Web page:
Vicky Mihara Avery

Vicky Mihara Avery passed away from complications of pancreatic cancer early in the morning on May 27, 2019, at the age of 62. Vicky was a well-known origami artist in the San Francisco Bay Area and a tireless volunteer for OrigamiUSA and for local civic organizations in SF. She was active in San Francisco’s Japantown through the Nihonmachi Street Fair, the Cherry Blossom Festival and the Buddhist Church of San Francisco. In the origami world, she was one of the founders of the Pacific Coast OrigamiUSA Convention, co-organizing the first one in 2001, and helping to organize many of the others in the following years. She was awarded the Michael Shall Volunteer Award from OrigamiUSA for her contributions to the continuing growth of origami in America.

Origami ran in her family; in the 1950s her grandparents wrote and published one of the first American origami instruction books as a cultural introduction for children. In 1967 her family opened the Paper Tree gift shop in the newly built Japan Center in San Francisco. The San Francisco Cherry Blossom Festival was created and naturally Vicky and her sister Linda Tomoko Mihara taught origami to children. They have since become nationally known for their origami presentations, lessons and exhibitions.

Specializing in a wide range of paper arts, Vicky has also lectured about “Tsutsumi,” the Japanese art of gift wrapping at museums and events around the country. She has provided paper-craft services to clients such as Industrial Light and Magic, Walt Disney, VISA, and the Wall Street Journal. Vicky’s production firm, Origami Workshop, has created three instructional DVDs, The Art of Japanese Gift Wrap, Origami Fun For Kids 1 and Origami Fun for Kids 2. A renowned gift-wrapper, she wrapped a snowmobile during the 2007 Scotch Brand Most Gifted Wrapper Contest and was also featured on “The Martha Stewart Show” (where she notably out-wrapped Martha!).

She is survived by her parents Nobuo and Shizuko Mihara, younger siblings Linda and Roger Mihara, husband Matthew Avery, son Christopher James Avery, and their two dogs.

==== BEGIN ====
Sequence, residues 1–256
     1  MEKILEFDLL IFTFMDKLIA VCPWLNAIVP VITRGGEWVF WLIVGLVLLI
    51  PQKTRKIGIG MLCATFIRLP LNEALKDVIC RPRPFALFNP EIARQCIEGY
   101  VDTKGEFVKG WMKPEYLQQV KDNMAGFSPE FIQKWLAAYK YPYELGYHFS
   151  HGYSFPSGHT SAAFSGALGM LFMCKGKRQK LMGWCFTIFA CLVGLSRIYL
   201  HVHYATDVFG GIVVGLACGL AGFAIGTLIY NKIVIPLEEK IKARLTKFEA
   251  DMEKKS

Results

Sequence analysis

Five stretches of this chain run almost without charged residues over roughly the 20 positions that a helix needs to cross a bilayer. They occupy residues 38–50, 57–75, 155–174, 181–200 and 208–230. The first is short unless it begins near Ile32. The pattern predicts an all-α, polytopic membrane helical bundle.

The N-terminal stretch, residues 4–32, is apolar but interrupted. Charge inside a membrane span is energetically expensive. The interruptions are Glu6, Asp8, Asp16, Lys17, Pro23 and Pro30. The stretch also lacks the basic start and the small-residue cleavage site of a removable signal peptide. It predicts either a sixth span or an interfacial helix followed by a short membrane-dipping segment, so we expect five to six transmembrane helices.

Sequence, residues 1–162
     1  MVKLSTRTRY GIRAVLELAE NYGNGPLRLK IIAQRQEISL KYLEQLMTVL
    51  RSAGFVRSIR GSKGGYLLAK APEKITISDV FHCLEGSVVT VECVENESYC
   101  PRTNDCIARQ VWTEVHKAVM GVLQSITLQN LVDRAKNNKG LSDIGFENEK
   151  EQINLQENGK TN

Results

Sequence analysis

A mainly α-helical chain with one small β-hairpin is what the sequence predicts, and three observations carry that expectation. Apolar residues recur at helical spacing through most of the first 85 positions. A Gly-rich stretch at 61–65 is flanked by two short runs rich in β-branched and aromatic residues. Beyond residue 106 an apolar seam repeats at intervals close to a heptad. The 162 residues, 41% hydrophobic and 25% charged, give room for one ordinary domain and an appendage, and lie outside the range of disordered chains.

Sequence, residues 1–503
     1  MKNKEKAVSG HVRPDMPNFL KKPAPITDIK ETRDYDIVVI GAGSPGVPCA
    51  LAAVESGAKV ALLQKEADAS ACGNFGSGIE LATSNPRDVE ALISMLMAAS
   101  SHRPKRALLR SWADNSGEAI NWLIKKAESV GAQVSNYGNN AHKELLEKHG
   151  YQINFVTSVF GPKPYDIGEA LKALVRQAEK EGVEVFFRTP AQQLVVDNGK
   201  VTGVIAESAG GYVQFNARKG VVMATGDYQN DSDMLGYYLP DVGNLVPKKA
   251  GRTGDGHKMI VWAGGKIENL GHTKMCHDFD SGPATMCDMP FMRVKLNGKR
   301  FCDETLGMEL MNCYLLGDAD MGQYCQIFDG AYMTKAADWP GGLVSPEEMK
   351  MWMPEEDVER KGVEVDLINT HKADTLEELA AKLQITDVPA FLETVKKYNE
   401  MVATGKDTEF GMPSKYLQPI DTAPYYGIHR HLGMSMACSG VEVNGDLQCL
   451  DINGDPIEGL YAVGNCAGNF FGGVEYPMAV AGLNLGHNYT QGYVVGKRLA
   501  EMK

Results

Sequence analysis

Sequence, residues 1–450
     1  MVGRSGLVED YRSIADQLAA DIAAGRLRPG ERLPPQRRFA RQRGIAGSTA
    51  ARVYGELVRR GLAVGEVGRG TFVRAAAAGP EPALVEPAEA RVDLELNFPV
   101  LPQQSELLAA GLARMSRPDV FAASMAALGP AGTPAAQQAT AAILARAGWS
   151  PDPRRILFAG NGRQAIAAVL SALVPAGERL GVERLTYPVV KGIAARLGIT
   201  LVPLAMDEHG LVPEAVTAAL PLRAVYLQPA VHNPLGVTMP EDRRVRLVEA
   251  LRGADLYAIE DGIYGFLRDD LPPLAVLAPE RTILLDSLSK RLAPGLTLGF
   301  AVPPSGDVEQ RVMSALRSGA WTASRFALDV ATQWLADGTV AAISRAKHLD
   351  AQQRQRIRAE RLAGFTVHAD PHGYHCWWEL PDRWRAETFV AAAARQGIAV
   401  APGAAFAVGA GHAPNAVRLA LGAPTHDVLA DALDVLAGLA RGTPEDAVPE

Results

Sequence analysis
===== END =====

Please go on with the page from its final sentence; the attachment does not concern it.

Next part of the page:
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Comments

I’ve known Vicky since the mid-1990s; we met through origami. The origami community is small enough that we tend to find each other, and with me being in the Bay Area and Vicky running the Paper Tree, we crossed paths fairly soon. It was Vicky’s idea to organize a Pacific Coast Origami Convention in SF (it has since become an every-two-year event, moving around the western US). I helped a bit with that first PCOC, but the “heavy lifting” was all Vicky!

She and Linda and the store provided a focal point and a center of connection for origami artists and aficionados throughout the Bay Area in the following decades. Vicky organized a second PCOC in San Francisco some years later, and had recently started discussions to bring it back again. Also during that time, I partnered with Linda on several origami commissioned projects that were just too big for one person, so between conventions, joint origami projects, and visits to The Paper Tree regularly to buy paper (and to sign books—they carried my books, adding each new one as it came out), we all became great friends.

One of the hallmarks of Vicky was that no matter whatever happened in organizations, in her store, in her life, she maintained an absolutely unflappable good cheer and nature. I have never seen her not smile! And it is always a warm, genuine, smile—which is because she has always been a warm, genuine person. And even at her Celebration of Life, while she was frail as a bird, she maintained that warmth, acceptance, and sweetness.

—Robert J. Lang